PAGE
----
[BioQuick Editor’s Note: Dr. Blobel was the sole recipient of the 1999 Nobel Prize in Physiology or Medicine for his discovery that proteins have intrinsic signals that govern their transport and localization in the cell. He also received the King Faisal International Prize in 1996, the Albert Lasker Award for Basic Medical Research in 1993, the Louisa Gross Horwitz Prize in 1989, and the Gairdner Foundation International Award in 1982. A native of Germany, Dr. Blobel received his M.D. from the University of Tübingen in 1960 and his Ph.D. in 1967 from the University of Wisconsin, Madison, where he worked with Van R. Potter in the McArdle Laboratory for Cancer Research. He did postdoctoral work at The Rockefeller University in the laboratory of 1974 Nobelist George E. Palade and has been at the Rockefeller since then. He was named the John D. Rockefeller Jr. Professor in 1992 and became an investigator at the Howard Hughes Medical Institute (HHMI) in 1986. As a further note, Dr. Palade shared the 1974 Nobel Prize for Physiology or Medicine equally with Albert Claude and Christian de Duve (de Duve was also at the Rockefeller at the time of this award) for discoveries concerning the structural and functional organization of the cell.]


Regulatory proteins interact with chromatin to either unwind it or package it more tightly, affecting which genes are expressed. Some of these regulatory proteins contain a region called the bromodomain, which recognizes a specific signal on chromatin and induces changes in gene expression.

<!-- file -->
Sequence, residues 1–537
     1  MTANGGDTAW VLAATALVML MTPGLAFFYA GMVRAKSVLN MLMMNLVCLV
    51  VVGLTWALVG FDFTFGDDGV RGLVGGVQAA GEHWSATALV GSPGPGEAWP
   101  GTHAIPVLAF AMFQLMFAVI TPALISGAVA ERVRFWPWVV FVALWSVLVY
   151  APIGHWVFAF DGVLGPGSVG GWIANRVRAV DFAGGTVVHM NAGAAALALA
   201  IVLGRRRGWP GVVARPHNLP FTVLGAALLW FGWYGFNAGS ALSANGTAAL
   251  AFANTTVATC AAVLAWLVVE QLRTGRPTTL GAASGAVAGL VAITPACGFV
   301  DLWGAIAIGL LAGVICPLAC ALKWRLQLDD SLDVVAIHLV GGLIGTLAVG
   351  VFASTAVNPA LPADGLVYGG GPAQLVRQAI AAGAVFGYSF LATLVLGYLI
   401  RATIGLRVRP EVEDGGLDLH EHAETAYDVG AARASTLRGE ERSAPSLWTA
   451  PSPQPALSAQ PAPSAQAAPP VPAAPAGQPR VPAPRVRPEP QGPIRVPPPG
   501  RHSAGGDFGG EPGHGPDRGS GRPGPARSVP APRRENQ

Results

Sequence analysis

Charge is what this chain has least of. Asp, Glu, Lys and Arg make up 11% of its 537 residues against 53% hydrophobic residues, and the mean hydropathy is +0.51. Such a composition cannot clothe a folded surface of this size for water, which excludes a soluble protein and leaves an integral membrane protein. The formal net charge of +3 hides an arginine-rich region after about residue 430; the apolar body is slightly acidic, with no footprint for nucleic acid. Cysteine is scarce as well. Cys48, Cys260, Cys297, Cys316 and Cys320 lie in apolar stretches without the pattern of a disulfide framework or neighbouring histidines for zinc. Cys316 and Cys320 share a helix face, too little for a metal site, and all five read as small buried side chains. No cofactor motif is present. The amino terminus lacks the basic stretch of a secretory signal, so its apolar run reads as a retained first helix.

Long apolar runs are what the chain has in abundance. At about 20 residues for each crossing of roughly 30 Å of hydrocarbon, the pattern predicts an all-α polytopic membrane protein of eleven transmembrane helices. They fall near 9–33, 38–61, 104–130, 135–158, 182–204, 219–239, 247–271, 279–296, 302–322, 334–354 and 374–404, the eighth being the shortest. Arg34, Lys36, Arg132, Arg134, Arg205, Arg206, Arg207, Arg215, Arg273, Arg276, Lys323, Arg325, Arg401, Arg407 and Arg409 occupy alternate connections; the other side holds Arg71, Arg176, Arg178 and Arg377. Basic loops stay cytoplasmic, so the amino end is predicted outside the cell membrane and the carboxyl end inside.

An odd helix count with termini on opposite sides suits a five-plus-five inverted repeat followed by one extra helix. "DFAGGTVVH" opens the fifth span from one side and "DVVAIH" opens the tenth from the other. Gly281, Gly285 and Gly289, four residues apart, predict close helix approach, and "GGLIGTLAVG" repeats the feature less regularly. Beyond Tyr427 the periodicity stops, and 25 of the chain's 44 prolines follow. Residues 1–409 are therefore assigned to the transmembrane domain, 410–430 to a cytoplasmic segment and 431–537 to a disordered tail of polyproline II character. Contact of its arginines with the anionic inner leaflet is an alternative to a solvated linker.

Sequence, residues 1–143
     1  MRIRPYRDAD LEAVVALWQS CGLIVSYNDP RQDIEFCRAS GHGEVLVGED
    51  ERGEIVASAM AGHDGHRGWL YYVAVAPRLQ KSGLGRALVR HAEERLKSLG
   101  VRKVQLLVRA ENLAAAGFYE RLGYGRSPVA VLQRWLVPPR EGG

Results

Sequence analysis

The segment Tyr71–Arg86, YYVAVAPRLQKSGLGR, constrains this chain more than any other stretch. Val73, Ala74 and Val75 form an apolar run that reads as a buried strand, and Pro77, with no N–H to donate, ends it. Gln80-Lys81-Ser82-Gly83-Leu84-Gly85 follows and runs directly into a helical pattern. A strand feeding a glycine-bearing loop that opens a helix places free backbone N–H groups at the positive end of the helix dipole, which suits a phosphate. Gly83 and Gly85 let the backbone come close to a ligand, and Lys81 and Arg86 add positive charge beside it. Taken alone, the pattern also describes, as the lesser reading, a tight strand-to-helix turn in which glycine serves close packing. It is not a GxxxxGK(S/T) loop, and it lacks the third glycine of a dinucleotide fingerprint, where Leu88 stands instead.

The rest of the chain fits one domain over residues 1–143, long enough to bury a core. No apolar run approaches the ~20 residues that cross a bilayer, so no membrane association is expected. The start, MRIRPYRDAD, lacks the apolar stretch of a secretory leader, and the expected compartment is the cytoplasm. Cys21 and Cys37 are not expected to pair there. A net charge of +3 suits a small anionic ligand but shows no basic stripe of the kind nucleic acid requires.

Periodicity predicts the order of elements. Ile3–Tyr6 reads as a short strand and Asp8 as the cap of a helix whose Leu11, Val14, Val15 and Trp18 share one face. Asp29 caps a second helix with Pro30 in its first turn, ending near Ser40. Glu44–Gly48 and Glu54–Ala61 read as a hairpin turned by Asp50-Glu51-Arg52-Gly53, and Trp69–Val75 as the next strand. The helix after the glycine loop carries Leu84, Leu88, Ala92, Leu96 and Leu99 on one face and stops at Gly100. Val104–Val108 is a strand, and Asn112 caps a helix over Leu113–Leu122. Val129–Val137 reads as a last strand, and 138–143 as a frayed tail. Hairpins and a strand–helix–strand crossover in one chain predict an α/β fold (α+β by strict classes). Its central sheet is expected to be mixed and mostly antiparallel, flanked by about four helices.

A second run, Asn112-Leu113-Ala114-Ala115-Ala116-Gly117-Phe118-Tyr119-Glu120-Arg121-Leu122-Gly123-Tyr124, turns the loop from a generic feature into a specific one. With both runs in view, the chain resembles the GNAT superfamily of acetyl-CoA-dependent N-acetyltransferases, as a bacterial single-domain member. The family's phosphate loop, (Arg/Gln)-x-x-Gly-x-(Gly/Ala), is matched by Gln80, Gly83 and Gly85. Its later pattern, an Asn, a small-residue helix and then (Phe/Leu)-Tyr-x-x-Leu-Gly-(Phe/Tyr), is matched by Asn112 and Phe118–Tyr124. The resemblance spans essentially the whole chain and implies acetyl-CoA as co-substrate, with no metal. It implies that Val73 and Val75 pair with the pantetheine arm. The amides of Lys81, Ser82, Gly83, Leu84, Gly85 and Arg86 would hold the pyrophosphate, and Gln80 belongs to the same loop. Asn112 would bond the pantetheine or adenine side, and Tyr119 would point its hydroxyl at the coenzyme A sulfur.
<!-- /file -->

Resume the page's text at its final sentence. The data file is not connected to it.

Recent findings in mice have indicated that bromodomains are involved in cell differentiation, which led Dr. Papavasiliou and colleagues to hypothesize that such epigenetic mechanisms may drive the trypanosome to change from one life-stage form to another.

"The changes in gene expression that accompany the transition between the different parasite [life-stage] forms had been well established," said Dr. Schulz, the lead author of the study.

"But we didn't understand if there was some type of regulation happening at DNA, at the level of chromatin.”

“Whether chromatin-altering mechanisms might be important for differentiation hadn't really been studied before."

To investigate this, the researchers inhibited bromodomain proteins in cells by introducing genetic mutations in their DNA or by exposing the cells to a small-molecule drug called I-BET151, which is known to block bromodomains in mammals.